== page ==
published: Friday, December 07, 2012
Chief bids farewell at party
ROXANNE BROWN | Staff Writer
Groveland police Chief Thomas "Tommy" R. Merrill announced his retirement in August, putting an end to a 43-year run as the city's top cop.
His final day was Friday, but not before a huge sendoff Thursday night from residents, employees, police officers, city and county officials, family members and friends, all gathered at the Puryear Building in his honor.
"I'm glad he's finally retiring so he can have a little fun, enjoy life," said Merrill's daughter Debbie Hartog, at the reception with two of 10 of Merrill's grandsons, 9-year-old twins Scott and Ryan. "He's definitely been such an influence on me my whole life and I couldn't be prouder of him.
"He hasn't really said it out loud to me, but I think he's ready (to retire)," she said.
Many in the crowd expressed mixed feelings of joy and sorrow.
When Merrill walked through the doors, he was greeted by applause and handshakes.
Merrill reciprocated but it soon became apparent he was having trouble holding back tears.
"I've always said that a guy needs to have his funeral before he dies so he can see how many friends he has. And although this is not a funeral, I can see that I sure have a lot," Merrill said.
"I've (worked for) seven mayors and four city managers and I know I'm gonna miss it, but I'm getting to the age that I want to do something else before I can't do anything at all."
On July 11, 2006, Merrill was recognized with the Distinguished Service Award from the Florida Peace Officers Association as the longest serving police chief in the nation. At that time, he'd served the city of Groveland for 37 years.
Merrill, now 69, was born and raised in Umatilla. After graduating, he joined served in the U.S. Air Force as a nuclear weapons specialist from 1959 to 1963.
When he returned, he ran a gas station in Umatilla.
Merrill said he had considered working for the highway patrol.
Merrill accepted a job as an officer with the Eustis Police Department in January 1966, but left the force at the urging of his family after a shootout. That was March of 1969.
In August of that same year, then-Sheriff Willis McCall approached Merrill about an open position in South Lake County.
"I've actually tried retiring several times, but as new city managers come in, they've asked me to stay because of my background and I've stayed. I've said to myself, 'I'll stay a little while longer, but then months turn to years and that's how it goes,'" Merrill said. "But I feel it's time to go. I'm under no pressure from the city, but if you talk to my mother and wife, that's a different story. They've been looking for me to retire for years."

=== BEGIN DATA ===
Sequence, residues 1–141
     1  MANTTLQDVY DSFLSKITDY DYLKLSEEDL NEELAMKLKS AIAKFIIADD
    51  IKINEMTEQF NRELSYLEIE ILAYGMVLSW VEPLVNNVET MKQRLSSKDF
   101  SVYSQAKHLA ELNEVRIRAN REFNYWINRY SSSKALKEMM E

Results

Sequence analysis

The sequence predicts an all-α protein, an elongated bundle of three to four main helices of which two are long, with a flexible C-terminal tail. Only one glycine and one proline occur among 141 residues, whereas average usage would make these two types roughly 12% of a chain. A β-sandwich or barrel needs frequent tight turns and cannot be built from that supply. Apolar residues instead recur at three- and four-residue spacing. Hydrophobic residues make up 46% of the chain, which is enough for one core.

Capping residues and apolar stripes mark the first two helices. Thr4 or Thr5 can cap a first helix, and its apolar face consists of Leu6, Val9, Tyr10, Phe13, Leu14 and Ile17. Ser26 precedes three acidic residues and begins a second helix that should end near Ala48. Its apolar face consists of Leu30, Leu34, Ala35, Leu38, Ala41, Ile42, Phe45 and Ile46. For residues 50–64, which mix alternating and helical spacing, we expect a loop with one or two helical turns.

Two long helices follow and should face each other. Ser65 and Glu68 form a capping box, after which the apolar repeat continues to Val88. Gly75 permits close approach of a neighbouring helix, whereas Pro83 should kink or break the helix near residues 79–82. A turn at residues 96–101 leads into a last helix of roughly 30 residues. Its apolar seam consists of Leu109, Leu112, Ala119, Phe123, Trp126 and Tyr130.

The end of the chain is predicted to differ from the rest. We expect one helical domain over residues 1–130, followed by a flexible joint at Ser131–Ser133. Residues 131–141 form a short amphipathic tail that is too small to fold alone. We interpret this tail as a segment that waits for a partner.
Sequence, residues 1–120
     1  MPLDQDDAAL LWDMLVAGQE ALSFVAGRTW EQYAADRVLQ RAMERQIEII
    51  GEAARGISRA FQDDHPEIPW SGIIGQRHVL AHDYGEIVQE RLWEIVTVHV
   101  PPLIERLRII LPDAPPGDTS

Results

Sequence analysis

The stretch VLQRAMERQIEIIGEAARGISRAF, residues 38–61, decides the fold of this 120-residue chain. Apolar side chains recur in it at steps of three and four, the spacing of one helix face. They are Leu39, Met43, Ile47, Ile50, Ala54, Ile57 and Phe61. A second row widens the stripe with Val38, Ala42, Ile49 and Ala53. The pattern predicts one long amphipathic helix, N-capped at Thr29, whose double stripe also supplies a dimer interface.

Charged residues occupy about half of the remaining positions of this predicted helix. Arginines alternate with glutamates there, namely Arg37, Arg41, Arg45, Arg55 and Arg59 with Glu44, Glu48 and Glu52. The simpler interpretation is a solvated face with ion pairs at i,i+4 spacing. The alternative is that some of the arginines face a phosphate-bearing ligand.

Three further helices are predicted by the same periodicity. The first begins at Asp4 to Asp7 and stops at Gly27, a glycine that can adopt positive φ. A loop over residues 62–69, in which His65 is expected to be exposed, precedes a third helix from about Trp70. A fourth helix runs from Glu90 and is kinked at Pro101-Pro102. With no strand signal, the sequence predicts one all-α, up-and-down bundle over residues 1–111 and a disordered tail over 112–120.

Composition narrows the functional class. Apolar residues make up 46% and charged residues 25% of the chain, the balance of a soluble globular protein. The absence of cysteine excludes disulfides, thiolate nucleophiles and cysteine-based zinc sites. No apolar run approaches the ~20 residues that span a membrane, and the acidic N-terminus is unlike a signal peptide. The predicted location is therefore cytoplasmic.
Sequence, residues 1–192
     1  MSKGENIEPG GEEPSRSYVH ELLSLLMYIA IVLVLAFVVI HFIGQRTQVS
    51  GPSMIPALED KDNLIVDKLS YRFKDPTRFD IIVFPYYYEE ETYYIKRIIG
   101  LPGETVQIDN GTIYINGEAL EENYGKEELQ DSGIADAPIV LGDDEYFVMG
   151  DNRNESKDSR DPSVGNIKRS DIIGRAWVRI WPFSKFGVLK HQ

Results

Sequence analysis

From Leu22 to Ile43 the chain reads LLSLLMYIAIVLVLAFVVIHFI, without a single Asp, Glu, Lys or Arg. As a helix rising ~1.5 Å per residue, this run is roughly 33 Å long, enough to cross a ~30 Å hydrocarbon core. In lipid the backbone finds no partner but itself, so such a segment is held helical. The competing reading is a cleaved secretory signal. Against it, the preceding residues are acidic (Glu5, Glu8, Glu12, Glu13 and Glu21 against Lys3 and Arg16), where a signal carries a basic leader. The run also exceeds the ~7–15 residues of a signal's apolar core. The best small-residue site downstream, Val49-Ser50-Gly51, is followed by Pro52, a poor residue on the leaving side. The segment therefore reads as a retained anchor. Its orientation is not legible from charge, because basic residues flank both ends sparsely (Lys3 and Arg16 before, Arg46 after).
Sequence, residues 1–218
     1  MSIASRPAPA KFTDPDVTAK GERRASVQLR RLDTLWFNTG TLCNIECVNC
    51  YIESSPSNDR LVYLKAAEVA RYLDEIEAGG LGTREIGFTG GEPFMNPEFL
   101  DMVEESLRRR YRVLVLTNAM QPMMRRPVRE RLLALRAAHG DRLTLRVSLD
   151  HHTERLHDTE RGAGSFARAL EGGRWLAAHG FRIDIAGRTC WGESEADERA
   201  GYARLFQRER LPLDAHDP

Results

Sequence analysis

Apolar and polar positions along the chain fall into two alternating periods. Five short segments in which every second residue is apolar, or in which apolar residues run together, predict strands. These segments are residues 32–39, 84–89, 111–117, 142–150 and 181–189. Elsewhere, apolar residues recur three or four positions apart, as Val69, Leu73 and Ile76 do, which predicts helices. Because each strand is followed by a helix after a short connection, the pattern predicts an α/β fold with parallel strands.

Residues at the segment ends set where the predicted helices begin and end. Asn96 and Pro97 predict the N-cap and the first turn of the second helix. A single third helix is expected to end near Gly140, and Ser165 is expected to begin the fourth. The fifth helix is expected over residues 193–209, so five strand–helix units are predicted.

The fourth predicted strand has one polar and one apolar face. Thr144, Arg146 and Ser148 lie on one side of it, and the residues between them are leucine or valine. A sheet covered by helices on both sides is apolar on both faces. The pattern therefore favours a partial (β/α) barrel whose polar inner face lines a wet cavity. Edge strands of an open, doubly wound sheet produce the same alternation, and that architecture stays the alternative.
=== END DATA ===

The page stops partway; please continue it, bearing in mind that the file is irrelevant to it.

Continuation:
His mother, Dot Merrill, 91, was at the farewell reception and said she's glad her son is retiring.
"I've after him for a long time to retire," she said. "It's getting rough out there and he's not as well as he used to be. He needs to do something different besides wear a gun. I'm very proud of everything he's done."
Merrill's wife of 15 years, Ginger, was all smiles, too.
"I'm so excited about starting this next chapter in our life," Ginger Merrill said. "He is so humble and so he doesn't see the big deal. He wanted to kind of just fade off into the sunset, but he's worked here for more than half his life."
Ginger said he and Merrill plan to spend time at a home they own in North Carolina and traveling throughout Florida.
In addition, she said she looks forward to spending time with Merrill on projects in their yard and garden.
Groveland police Lt. Gayle Beck, who's worked with Merrill for more than 30 years at the station, presented Merrill with his duty weapon, badge, uniform stars and name tag.
Officer Stephanie Crews, who leads the police explorers program, also presented Merrill with a plaque.
The department's annual calendar was dedicated to Merrill and his service, featuring a picture of Merrill today and one of his first identification card as issued to him in Aug. 1969.
"There have been mixed emotions at the police station all week. We're gonna miss him of course because he's made such an impact in the city and at the station for all those years, but we're also happy that's he is finally retiring. We're also anxious to see what's gonna happen with out new chief but it's bitterweet," Beck said. "I don't know what's it's gonna be like on Monday when we walk in to him gone for real."
Crews called Merrill "a great mentor and father figure."
"He's not only a wonderful law enforcement officer but a great human being. He has so much history in this community," Crews said.
Merrill said he thinks the station is in good hands with newly sworn-in Police chief Mark Palmer.
Palmer, a retired Lake County sheriff's deputy and state investigator, started at the station on Tuesday.
"I'm looking forward to getting to know and serve Groveland," Palmer said.
Merrill said Palmer should work out well.
"I think he's gonna be great for the city," Merrill said of the new chief. "He's younger, very well educated and I think he'll be able take the department far. I've known him for years, too.
"He used to tell me that he'd like a shot at the chief's job when I retire, so when I announced it, I called him and said, Put your application in, and he did," Merrill said.